Needless to say, the plot is killer and the characters are extremely compelling, including sister Margo, Amy’s parents, whacky hottie/paramour Andie, and especially Nick’s crafty lawyer.  In the final pages, you shudder for Nick and Amy’s unborn baby.  Gone Girl has taken the lead in the race for the MWA Edgar for Best Novel.  Also, I’m totally going to see this movie.

MWA Edgar for Best Novel rankings:

  1. Gone Girl by Gillian Flynn
  2. Sunset by Al Lamanda
  3. The Lost Ones by Ace Atkins
  4. Potboiler by Jesse Kellerman

Al Lamanda’s Sunset up for Best Novel Edgar

sunset“When you’ve already lost everything, you have nothing left to lose.”  It may be a common trope – the broken man, wracked with guilt because he brought about the murder of his wife and family – but Al Lamanda makes the most of it in Sunset.  Sunset is Lamanda’s fifth book and his first Edgar finalist, for Best Novel.

Police Detective John Bekker’s been in the bottle since the brutal rape and murder of his wife twelve years previously, which was witnessed by his five-year-old daughter.  The daughter, Regan, hasn’t spoken since and lives in an institution.  He’s living the semi-functional heavy drinking life in a trailer on the beach and his closest friend is Oz, who is similarly inclined.  And then one day, Bekker is kidnapped and held captive for days.  In fact, just enough days to get him clean and sober.  Which is just how Eddie Crist wants him.

Eddie’s dying.  He’s also the mob boss that John’s been blaming all these years for the death of his wife and ruination of his daughter.  But Eddie denies it and gives Bekker an assignment:  find out who really did it.  Because Crist is worried that it was his son, and he’d really like to die knowing for sure.

Sure, it’s over the top.  But boy, does Lamanda nail it.  The characters are real.  The situations they get in are not just words on the page, but suck you in and make you feel it.  And when the plot twists are exactly what you expect, it’s still okay because he does it so well.   Example: John Bekker is attracted to his sister-in-law Janet and feels terrifically guilty when they get involved, but it turns out that Janet feels even guiltier because she’s been secretly in love with him all along.  I mean, really!  But I ate it up.  With a spoon.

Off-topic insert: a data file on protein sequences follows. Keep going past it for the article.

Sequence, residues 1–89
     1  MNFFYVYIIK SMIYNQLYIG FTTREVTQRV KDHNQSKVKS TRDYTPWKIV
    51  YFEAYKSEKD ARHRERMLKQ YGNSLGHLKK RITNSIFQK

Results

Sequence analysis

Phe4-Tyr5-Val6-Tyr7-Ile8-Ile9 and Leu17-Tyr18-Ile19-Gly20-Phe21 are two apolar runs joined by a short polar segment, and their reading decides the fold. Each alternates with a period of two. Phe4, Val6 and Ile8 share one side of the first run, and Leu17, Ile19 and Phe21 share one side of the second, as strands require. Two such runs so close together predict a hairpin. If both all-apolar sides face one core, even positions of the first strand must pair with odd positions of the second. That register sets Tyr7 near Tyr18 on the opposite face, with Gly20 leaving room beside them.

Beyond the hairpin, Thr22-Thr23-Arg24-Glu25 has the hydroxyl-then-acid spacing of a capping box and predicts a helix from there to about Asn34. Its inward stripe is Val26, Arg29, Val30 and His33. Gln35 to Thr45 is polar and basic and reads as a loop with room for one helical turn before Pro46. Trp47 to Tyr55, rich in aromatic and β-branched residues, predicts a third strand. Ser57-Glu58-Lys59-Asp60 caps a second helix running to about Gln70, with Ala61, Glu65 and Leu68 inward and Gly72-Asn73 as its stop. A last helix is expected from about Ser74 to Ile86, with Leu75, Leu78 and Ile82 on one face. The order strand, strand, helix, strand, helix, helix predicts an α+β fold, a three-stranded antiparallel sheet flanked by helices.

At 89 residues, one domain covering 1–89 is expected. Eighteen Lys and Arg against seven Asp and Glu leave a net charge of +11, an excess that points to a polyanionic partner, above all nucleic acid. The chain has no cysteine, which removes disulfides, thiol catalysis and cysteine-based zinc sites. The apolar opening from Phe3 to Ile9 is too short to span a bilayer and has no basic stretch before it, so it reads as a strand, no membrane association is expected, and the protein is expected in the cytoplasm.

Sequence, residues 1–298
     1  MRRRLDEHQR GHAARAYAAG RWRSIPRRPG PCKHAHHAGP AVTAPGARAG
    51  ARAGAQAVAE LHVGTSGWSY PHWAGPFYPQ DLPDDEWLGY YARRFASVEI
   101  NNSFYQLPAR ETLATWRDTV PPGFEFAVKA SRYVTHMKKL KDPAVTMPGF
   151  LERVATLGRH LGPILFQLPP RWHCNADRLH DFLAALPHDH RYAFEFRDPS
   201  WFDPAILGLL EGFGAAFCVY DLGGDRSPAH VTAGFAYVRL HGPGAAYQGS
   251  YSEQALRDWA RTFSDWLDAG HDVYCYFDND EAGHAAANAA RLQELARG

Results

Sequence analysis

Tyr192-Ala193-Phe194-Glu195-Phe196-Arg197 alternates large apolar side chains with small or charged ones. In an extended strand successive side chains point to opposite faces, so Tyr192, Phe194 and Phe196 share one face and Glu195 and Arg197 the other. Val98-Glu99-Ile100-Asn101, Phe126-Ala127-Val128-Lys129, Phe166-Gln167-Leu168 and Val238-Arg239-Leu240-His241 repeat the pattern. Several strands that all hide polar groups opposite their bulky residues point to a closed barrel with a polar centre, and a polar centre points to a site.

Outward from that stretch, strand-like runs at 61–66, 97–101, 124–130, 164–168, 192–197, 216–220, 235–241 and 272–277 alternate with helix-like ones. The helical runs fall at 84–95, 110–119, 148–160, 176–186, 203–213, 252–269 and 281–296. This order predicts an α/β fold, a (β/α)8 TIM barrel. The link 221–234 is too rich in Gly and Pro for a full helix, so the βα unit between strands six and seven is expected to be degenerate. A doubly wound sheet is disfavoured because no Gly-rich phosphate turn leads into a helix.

The only annoying downside:  I guessed way in advance who really did it.  Because the cop who is betrayed by those closest to him is also a trope.

So how does Sunset stack up against Potboiler (currently #2) and The Lost Ones (at #1)?  For voice, I’m going to say it’s a 3-way tie.  They could not be more different, and yet they are all excellent.  For plot, I’m giving it to The Lost Ones, but for most-likely-to-be-made-int0-a-movie, it’s Sunset all the way.  For charm and innovation, it’s Potboiler.  But when it comes down to sheer enjoyment, I’m moving Sunset to the top of the rankings.  So here we are.

MWA Edgar for Best Novel rankings:

  1. Sunset by Al Lamanda
  2. The Lost Ones by Ace Atkins
  3. Potboiler by Jesse Kellerman

It’s the Ace Atkins:Jesse Kellerman smackdown for the Edgars

Ace Atkins

Ace Atkins

Jesse Kellerman

Jesse Kellerman

The guys are up first, with Ace Atkins and Jesse Kellerman as the first two writers under for consideration for the Mystery Writers of America Edgar Allan Poe Award for Best Novel.  As promised, I am reading, reviewing and ranking the nominees.

The first book in Atkins’ Quinn Colson series was a finalist for the Edgar for Best Novel last year, ultimately losing out to Mo Hayder’s Gone.  In my review of The Ranger, I liked the voice of the novel, the characterization, and found the plot suitably twisty, and it ended up #2 in my list.